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jhearl

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About jhearl

  • Birthday 09/26/1949

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  • Website URL
    http://modelboatyard.com

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  • Gender
    Male
  • Location
    Milford, Virginia
  • Interests
    Shipmodeling and photography

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  1. Hold Down Jigs

    Perhaps you're thinking of some of the jigs used in this amazing build?
  2. Vaddoc - I confess I'm having a bit of trouble understanding your question. It sounds as if you are attempting to design your own boat rather than working from a set of existing plans. If that's the case, I am not qualified to advise you. However, if you're working from plans, then the information you need should be in those plans. I am guessing that by a curved centerline, you mean that it follows the line of the sheer as opposed to curving from side to side. Of course, the centerline will be straight from bow to stern when looked at from above (in the half-breadth plan), but may be curved up and down (often higher at bow and stern than at midships) when viewed from the side (sheer plan). In real construction, deck beams are typically notched to fit over the sheer clamp or deck clamp (depending on which the boat has). Since the clamp follows the line of the sheer, that means the tops of the deck beams will be parallel to the line of the sheer. Therefore, fairing of the deck beams would not be necessary. Depending on the level of details in the plan, the amount of crown may be specified, such as 6 inches in 10 feet. That has not been the case for the models of small boats I've built, but there is often a cross-sectional view provided showing a deck beam so you can see and measure what the crown is. There is an excellent book on small boat building by Howard I. Chapelle called Boatbuilding. I believe it is out of print, but it's usually easy to obtain a used copy in good condition. It is specifically geared to small sailboats although, of course, it's meant for full-size boats, not models. But it's a very good reference. That book will likely provide you with more and better answers than I can, but I hope this helps to some degree. Note too, that everything I've said above are broad generalizations, not hard and fast rules. Any given designer or boat builder may follow his own set of practices. Cheers - John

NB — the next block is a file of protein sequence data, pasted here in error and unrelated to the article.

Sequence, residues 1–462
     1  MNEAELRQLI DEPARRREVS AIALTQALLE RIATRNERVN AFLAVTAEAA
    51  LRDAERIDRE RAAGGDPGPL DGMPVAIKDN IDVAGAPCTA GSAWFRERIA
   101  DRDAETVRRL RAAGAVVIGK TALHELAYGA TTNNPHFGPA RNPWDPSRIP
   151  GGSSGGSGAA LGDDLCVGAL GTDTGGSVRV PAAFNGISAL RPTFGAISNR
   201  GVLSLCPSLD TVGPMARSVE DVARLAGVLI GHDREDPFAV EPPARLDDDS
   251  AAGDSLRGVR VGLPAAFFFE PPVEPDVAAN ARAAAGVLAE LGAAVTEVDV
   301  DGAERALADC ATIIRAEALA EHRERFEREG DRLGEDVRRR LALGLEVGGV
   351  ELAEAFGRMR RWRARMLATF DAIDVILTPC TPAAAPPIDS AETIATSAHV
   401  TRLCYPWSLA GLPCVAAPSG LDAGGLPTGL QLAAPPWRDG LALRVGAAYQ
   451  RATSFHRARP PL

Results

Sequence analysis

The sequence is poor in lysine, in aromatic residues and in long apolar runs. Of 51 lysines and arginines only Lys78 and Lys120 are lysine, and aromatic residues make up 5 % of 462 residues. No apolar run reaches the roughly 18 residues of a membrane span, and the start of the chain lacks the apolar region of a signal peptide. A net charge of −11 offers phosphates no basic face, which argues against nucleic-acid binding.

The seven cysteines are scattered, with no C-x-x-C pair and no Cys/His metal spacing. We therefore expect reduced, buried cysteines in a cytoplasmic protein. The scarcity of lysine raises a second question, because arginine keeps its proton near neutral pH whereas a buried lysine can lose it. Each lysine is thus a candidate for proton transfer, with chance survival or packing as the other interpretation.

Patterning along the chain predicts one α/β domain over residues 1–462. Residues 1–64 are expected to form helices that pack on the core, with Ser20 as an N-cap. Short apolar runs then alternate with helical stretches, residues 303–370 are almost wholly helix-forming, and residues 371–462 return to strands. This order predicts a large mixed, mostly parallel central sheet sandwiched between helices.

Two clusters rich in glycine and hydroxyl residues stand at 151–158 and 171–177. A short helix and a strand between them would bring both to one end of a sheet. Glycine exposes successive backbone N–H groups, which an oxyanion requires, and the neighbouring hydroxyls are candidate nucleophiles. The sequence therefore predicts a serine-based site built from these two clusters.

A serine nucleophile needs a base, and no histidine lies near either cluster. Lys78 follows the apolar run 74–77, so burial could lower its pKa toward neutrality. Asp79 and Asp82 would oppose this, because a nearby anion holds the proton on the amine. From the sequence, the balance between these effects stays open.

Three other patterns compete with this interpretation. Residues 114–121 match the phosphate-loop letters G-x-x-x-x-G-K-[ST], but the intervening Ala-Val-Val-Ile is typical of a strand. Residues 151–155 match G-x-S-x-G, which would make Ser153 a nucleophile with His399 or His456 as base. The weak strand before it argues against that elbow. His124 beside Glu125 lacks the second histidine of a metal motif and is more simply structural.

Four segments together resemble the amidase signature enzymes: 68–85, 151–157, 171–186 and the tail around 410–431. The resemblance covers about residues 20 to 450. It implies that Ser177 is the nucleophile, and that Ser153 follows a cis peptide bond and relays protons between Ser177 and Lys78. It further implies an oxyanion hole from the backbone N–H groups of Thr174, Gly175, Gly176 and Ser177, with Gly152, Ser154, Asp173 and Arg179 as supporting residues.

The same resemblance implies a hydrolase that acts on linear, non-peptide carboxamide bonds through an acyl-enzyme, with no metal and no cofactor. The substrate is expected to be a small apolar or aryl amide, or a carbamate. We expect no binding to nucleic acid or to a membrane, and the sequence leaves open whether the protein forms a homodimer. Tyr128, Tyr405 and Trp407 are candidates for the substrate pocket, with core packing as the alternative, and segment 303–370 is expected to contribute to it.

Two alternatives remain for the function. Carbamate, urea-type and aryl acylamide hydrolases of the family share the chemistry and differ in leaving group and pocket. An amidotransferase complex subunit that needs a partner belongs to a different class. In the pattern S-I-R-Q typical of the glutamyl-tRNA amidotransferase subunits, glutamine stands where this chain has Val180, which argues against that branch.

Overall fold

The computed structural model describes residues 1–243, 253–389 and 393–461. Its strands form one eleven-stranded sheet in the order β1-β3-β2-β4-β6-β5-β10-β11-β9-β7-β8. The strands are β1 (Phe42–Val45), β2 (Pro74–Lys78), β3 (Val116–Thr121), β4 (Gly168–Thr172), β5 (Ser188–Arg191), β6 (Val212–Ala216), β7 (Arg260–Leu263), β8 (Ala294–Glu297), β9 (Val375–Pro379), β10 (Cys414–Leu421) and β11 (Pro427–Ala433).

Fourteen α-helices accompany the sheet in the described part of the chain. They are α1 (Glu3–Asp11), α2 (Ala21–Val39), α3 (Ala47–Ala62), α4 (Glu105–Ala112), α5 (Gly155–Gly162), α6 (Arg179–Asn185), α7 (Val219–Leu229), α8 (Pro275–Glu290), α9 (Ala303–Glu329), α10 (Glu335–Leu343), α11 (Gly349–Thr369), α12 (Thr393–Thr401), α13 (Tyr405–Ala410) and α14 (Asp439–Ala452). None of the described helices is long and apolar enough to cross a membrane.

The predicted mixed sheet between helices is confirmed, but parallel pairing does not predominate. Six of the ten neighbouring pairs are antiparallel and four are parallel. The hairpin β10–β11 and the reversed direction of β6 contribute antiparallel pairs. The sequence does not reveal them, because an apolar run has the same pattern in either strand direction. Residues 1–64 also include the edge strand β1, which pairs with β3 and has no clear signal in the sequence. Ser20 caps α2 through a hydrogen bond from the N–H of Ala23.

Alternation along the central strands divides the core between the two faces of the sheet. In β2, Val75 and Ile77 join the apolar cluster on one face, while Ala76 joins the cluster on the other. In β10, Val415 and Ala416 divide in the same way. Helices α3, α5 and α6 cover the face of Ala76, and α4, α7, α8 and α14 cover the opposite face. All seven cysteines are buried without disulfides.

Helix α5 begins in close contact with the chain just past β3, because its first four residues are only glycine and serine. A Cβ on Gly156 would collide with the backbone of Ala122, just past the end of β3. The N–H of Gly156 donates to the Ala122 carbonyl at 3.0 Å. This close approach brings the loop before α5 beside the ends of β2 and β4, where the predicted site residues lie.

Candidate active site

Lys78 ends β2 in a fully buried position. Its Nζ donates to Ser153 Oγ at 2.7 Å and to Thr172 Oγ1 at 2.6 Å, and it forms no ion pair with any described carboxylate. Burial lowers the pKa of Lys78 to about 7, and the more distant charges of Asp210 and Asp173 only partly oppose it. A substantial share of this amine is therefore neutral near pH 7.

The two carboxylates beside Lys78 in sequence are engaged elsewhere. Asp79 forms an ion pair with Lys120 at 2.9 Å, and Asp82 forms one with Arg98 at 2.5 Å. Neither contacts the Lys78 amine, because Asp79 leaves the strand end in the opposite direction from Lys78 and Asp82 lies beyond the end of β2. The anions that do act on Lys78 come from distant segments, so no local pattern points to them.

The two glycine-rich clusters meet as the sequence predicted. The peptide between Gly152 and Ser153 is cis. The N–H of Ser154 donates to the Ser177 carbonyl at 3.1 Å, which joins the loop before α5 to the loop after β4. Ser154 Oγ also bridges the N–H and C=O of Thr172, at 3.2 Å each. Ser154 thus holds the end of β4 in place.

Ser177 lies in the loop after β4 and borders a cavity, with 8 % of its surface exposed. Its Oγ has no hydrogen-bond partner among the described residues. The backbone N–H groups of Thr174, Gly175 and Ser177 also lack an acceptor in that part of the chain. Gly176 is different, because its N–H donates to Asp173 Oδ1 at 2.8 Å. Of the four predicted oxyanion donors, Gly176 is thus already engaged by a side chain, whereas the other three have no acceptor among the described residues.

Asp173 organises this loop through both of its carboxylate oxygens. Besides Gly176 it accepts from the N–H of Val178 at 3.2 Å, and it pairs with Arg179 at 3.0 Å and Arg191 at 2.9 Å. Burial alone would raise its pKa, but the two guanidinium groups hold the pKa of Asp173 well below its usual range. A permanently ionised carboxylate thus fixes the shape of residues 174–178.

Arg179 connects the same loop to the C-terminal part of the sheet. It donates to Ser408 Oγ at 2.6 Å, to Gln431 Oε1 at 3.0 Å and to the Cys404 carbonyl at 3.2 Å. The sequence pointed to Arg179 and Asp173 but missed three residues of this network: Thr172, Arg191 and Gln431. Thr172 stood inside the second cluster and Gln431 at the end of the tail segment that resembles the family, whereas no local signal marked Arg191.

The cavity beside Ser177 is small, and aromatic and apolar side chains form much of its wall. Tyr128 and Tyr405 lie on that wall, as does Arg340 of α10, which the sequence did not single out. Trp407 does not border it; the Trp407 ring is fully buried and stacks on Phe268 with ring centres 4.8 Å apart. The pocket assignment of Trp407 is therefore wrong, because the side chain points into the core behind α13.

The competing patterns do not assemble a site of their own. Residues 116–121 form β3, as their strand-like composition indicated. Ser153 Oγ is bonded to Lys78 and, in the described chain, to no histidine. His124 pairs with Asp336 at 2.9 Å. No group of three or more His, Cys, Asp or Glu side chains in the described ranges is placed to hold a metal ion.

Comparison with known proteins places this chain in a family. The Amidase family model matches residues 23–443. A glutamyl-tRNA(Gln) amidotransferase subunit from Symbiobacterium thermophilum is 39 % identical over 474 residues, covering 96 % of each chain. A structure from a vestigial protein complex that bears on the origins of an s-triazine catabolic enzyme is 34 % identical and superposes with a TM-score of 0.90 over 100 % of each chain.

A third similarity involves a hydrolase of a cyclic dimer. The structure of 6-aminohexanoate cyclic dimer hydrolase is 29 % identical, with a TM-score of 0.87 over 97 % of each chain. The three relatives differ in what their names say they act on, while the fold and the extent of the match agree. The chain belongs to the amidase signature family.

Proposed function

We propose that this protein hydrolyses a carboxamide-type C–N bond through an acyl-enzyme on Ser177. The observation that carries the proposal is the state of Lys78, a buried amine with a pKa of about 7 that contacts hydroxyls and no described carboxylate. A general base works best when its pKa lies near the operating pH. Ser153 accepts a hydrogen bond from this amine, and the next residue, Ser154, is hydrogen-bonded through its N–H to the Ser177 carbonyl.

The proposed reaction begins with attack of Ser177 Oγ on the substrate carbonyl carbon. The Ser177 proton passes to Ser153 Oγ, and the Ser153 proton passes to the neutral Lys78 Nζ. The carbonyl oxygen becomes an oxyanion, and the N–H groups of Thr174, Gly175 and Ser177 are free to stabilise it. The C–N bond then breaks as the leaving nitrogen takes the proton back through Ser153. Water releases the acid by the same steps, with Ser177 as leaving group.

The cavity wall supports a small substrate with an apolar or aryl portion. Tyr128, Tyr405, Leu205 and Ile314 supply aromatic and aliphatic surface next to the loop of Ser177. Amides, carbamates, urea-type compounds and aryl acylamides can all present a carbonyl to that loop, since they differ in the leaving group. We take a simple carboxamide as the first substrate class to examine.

3. yacht rigging for 1:12 scale

    Do a Google search on stainless steel fishing wire. It's usually 7 strands. It's sold in various test strengths, but the stronger the wire, the thicker it is. Doubtless you can find local shops that sell tackle for salt water fishing in your area. Cheers - John
  4. This model is based on lines by Howard I. Chapelle in his book American Small Sailing Craft (pg. 311). Started July 2017 & completed Nov. 2017. The original boat was 27' 5-1/4" between perpendiculars. Model is built to a scale of 3/4"=1' and is about 21-1/2" long. Photos of the model under construction are available at http://www.modelboatyard.com/flattie.html
  5. Although I would make this from brass myself, there's no reason you couldn't make it from wood if you want to paint it black. You can use a full-size electric drill held in a stand or clamped in a vise as a makeshift lathe and shape that tapered part with files or sanding sticks. The straight part of the stack can be made from pieces of dowel. You can drill a hole in the end of the dowel at the top of the stack so it looks more like a pipe. This should be a pretty simple project. Cheers - John
  6. Dremel or Proxxon

    I think you guys have misunderstood the question - he is asking about two different scroll saws - not table saws. I'm not a fan of scroll saws myself and have never used either of these, so I can't offer a very helpful answer. That said, looking at the two online, briefly, I personally would go for the Proxxon. It seems to be more feature-rich than the Dremel and I know Proxxon makes good tools. I shouldn't think finding blades would be that difficult but since the OPs location is unknown, that's only a guess. Cheers - John